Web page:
As I go to see Mary Jemila and her family, close by Judith’s house, I find Judith’s word confirmed. “We all live happily here”, says Mary Jemila, “there are no quarrels, there’s no gossip. Sometimes I wonder how this came about because it was not like that when we lived at the shore. There we lived more scattered, in separate houses not so close to each other. Now we all have the same houses, the same design, the same size, so there is no difference. It may seem strange, but I really believe this is a fact mattering very much. It makes us all equal; there is no difference now between rich or poor. We all lost everything we have and we are all on the same level now. And I think that having gone through such a terrible experience like tsunami really united us. Once you have experienced something like that there is no time and space for gossip and quarrelling; you care only about serious things.”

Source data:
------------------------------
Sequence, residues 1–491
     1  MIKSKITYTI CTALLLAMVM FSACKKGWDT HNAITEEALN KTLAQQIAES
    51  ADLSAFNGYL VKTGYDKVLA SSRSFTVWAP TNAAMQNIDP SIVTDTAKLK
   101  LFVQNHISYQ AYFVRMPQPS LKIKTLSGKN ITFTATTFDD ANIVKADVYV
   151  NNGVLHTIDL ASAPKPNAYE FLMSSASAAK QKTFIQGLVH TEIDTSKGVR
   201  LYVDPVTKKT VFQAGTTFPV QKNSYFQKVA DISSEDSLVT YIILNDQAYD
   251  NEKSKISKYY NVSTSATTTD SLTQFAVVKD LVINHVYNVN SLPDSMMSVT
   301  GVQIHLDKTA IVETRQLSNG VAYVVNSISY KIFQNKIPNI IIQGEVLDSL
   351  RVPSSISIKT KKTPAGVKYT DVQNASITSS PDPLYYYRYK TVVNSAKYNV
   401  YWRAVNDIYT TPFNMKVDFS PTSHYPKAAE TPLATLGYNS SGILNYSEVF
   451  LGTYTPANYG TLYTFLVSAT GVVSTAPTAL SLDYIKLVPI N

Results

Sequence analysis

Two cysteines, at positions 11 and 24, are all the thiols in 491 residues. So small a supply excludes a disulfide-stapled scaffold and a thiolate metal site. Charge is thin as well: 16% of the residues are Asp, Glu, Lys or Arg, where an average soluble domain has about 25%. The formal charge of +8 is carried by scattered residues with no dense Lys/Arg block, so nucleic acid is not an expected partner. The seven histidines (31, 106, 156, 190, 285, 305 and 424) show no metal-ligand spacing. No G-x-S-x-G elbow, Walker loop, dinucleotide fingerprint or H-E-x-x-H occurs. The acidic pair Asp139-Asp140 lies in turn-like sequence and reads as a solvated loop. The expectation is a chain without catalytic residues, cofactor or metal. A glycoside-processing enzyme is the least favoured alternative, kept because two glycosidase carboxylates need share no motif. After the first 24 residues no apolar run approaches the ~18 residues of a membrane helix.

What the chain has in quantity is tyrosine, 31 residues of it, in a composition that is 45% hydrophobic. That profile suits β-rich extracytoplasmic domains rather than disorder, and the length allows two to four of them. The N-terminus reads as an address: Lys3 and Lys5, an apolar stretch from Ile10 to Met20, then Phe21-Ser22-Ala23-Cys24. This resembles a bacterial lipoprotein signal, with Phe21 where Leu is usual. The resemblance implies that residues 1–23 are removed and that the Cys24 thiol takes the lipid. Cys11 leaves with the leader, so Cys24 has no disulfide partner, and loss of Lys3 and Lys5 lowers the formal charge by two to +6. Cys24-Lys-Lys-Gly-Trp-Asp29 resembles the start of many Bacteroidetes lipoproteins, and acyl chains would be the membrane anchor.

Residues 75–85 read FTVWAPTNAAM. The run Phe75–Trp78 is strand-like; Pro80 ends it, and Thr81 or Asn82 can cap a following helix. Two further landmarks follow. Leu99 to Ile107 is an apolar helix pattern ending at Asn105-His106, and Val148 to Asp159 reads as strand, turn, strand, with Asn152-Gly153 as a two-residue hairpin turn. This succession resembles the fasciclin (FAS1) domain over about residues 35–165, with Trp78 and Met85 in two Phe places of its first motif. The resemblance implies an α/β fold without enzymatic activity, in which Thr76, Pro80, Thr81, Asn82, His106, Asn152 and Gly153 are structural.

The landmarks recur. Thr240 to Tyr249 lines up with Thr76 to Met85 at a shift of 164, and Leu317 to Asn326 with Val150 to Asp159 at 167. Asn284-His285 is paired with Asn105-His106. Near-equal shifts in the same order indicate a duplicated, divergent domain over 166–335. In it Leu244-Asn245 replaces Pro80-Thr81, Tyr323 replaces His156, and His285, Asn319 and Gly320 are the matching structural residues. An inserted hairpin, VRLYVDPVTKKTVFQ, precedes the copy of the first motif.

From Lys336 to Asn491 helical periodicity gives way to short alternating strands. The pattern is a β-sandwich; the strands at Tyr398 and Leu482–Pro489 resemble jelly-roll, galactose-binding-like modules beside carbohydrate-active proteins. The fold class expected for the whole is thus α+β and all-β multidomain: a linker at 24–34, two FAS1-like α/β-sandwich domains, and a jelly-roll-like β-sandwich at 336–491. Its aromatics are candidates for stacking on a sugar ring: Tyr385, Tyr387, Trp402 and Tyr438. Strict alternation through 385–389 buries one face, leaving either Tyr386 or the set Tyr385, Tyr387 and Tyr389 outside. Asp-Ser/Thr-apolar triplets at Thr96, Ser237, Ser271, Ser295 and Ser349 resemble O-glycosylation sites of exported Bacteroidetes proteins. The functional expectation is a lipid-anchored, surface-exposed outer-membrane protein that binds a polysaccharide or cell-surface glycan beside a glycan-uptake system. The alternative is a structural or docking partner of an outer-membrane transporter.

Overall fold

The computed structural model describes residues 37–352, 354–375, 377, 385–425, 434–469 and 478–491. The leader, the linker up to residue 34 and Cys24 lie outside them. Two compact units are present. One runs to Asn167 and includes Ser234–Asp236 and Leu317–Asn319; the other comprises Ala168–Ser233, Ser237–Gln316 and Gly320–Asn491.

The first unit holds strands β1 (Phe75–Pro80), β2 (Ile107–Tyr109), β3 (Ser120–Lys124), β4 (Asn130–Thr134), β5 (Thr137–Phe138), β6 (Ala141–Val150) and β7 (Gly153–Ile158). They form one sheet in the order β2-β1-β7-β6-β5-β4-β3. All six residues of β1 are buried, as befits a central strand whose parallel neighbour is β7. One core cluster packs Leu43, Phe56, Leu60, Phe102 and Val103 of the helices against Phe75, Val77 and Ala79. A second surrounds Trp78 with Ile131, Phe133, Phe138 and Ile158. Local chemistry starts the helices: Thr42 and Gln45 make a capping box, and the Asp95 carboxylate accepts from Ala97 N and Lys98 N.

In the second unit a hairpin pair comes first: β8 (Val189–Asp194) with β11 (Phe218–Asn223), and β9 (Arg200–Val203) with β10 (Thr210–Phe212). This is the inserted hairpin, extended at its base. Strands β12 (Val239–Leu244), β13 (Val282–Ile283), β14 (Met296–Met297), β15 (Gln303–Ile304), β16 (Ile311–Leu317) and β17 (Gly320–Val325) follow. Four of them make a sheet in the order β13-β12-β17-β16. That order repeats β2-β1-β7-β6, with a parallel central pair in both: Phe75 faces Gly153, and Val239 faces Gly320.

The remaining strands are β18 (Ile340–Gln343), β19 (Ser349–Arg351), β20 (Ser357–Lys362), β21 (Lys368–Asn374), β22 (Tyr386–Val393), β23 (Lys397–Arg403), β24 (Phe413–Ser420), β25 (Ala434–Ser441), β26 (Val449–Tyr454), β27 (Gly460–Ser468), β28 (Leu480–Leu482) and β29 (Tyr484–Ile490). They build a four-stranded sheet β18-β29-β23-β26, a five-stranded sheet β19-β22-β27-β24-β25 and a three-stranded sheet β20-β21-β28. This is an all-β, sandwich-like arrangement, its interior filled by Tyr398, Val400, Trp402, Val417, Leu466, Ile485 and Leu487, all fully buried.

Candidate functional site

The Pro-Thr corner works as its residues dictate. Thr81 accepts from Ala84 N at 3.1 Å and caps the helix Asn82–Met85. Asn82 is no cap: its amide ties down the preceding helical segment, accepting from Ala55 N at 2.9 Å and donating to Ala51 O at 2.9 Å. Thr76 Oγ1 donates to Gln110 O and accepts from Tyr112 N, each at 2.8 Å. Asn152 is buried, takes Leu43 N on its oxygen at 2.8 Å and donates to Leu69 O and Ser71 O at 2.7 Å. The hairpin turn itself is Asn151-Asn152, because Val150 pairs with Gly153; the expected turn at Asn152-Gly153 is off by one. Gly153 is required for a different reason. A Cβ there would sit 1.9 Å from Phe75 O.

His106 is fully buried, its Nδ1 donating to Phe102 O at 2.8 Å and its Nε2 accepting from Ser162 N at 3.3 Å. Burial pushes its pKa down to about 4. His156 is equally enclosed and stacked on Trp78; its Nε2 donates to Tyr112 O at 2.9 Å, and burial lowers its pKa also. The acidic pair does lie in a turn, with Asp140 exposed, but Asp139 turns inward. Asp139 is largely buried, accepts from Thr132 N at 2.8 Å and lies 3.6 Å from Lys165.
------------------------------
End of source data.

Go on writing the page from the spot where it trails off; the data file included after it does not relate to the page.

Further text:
Mary Jemila (r), with her family
Mary Jemila is a very devout Christian. Her house is filled with pictures of Jesus and Virgin Mary and she is a member of a prayers' group. Real Christianity implies equality of all human beings and so she appreciates the kind of equality the tsunami victims in Kottilpadu share. I find another good example for this as I walk down to the beach in order to meet the fishermen who received new boats from Caritas and KSSS. 29-year-old Agarin has just come back from the sea and is mooring his boat at the shore. He had had a boat of his own before the tsunami. As Caritas and KSSS didn’t give away new boats to each victim separately but introduced the joint ownership system, with four people sharing one boat, he has to share it with his brother and two other fishermen. I ask him if shifting from single to joint ownership meant another kind of loss to him.